Botswana bans soldiers from using social network

Gaborone –
Botswana has banned its soldiers from using social networks like Facebook, Twitter and other social media sites for security reasons, according local media reports.
Botswana Defence Force (BDF) employees were recently informed that they would no longer be allowed to communicate via the social networks when they are engaged in army operations.
The director of the army’s Directorate of Protocol and Public Affairs, Tebo Dikole, stressed that the move was purely a safety measure.
“Security is a dynamic phenomenon that requires constant monitoring of all influences at all levels in any context.
“As much as the BDF has to keep pace with developments, there is need to guard against revealing classified information such as military hardware and deployment areas,” said Dikole.
The development prevents military employees from commenting on military-related issues, with some comments viewed as bringing the organisation into disrepute and exposing military operations.
The ban further forbids soldiers from remarking on any political issues raised by their friends on social networks.
The ban has been received with mixed reactions with some soldiers saying it impinges on their freedom of expression.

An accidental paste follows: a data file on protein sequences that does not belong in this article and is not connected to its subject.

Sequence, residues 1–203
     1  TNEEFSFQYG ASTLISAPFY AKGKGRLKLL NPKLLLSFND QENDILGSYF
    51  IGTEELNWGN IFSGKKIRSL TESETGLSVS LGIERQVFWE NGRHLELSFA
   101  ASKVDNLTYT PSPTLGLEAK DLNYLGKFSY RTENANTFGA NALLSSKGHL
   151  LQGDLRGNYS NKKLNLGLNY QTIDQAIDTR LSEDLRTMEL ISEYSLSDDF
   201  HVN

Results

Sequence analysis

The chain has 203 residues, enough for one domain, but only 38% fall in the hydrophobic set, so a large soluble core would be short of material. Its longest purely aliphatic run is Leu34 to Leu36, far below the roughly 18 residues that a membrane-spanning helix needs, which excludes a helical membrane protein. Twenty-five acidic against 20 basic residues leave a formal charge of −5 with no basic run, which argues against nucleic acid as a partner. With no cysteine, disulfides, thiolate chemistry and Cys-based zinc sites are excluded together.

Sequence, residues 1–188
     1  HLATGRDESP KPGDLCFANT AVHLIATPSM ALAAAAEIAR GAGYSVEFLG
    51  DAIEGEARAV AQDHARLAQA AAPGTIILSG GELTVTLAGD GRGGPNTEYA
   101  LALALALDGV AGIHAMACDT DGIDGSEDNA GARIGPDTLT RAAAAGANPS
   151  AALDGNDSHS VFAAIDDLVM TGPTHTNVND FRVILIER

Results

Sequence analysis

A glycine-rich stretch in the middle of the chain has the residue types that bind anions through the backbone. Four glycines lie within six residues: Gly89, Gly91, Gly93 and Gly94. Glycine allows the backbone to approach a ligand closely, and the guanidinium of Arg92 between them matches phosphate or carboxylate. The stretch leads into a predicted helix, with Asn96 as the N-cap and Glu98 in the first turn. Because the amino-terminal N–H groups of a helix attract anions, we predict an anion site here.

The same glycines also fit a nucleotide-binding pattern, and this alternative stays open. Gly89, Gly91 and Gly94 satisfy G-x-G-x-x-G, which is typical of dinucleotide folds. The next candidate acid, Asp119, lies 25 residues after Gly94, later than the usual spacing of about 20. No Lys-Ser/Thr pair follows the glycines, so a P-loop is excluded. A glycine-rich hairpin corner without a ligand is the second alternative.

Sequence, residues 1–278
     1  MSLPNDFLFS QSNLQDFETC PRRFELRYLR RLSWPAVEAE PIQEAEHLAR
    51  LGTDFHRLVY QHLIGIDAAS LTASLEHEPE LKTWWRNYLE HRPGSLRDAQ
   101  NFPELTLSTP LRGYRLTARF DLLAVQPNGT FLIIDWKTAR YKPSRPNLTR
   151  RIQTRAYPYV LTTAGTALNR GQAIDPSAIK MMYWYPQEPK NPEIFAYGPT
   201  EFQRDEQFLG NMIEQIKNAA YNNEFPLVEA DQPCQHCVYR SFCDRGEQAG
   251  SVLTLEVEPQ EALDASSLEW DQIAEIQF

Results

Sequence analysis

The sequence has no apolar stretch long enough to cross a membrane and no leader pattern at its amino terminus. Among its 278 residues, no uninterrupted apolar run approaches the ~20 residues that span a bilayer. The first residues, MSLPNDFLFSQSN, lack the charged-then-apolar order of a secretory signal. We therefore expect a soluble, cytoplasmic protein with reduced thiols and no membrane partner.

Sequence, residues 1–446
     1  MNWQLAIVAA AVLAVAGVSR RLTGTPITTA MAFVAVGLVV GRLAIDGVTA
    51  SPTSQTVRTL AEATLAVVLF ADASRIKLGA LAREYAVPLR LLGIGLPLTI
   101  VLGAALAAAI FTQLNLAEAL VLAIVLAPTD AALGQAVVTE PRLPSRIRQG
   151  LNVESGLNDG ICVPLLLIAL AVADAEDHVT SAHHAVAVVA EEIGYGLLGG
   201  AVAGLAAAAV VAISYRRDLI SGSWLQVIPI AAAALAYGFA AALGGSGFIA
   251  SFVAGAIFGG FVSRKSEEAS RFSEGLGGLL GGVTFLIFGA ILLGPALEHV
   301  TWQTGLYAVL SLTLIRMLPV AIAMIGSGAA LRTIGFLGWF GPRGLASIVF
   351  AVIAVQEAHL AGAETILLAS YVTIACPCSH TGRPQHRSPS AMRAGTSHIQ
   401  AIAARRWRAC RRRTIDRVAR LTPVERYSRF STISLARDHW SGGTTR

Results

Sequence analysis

“We were told not to make any statements or comments on social networks; but after all we are human beings and just like everybody else we need to socialise,” one soldier complained.
Another soldier was quoted saying that being part of the conversation on social networks helped to keep them abreast with developments around them.
He said they were surprised that the BDF had initiated such “an exploitative policy”. Yet another army officer, who refused to be named for fear of reprisal, said “We understand the security concerns but, for me, Facebook is one way I communicate with my family and friends. That’s how important it is.”
“We use Facebook for various reasons; I follow football news and world news through Facebook so it is a bit disappointing,” said another officer.

January 2013
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